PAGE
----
The Stream 11 hardware is identical to most entry level Chromebooks using the Intel Celeron N2840 Dual core Atom Bay Trail CPU and 23GB eMMC storage which are also priced $199, but the Stream 11 runs the full browser benchmarks (Google Octane and Firefox Kraken) at half the speed of the identical Chromebooks and about a third of the speed of the $179 Acer C720 Haswell Celeron 2955U Chromebooks. This is nothing to do with the fact that the benchmarks are specified by Google or Firefox - they are both good indicators of overall performance - ie. rendering, video/audio decoding, SSL encryption/decryption, etc as well as Javascript code execution - unlike SunSpider for example which just benchmarks Javascript execution.

    This is entirely due to the Windows resource hog the system as everything else is identical. The Sunspider pure Javascript benchmarks aren't affected by the Windows resource hog because they don't need much resources, while the full browser function benchmarks are, because they do hog resources - eg. RAM disk swap of virtual memory, use of shared RAM for graphics etc.
  • AnnonymousCoward - Wednesday, February 11, 2015 - link

    No mention of color gamut?

    16GB is pathetic storage for a laptop. 32GB microSD cards are sold for $14 shipped in retail. Toshiba was literally just trying to save a few bucks. As a consumer, wouldn't you rather pay $335 instead of $330 to have 32GB? I hate it when companies cut corners like this.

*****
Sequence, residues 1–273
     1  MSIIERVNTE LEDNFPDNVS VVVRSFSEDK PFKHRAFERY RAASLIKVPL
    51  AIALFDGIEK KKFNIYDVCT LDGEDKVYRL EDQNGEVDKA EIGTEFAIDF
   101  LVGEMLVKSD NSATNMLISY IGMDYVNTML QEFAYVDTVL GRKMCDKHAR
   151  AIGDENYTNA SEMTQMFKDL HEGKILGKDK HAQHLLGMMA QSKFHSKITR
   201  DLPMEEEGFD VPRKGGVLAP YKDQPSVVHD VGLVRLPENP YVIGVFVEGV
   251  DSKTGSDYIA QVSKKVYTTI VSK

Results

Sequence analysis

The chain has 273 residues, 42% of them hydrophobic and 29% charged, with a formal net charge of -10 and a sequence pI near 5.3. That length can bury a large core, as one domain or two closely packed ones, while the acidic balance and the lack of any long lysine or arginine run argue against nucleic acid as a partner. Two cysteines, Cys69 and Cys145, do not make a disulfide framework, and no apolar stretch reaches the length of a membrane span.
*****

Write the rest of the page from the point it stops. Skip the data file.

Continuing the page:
The marketing dept was clearly copying Apple with those pictures, adding the diagonal glare line.
  • JarredWalton - Wednesday, February 11, 2015 - link

    Sorry -- I had the images and forgot to include them on the LCD page. I've added another gallery at the bottom of page 3.
  • AnnonymousCoward - Thursday, February 12, 2015 - link

    Thanks Jarred! That's commendable that you respond to and address our feedback :)
  • CoreLogicCom - Wednesday, February 11, 2015 - link

    It's not storage for the user (unless the user is specifically using Offline capable apps). It's local storage only for the OS. The user is supposed to be 100% network connected and be using the cloud (Google Drive), which itself is 100GB of space.
  • bsd228 - Wednesday, February 11, 2015 - link

    you have 2 usb ports and an SD card slot. If you want local storage, it's trivial to add, using one of those tiny form factor usb sticks.
  • AnnonymousCoward - Thursday, February 12, 2015 - link

    Ok, the SD slot sounds like a reasonable solution for a decent hard drive.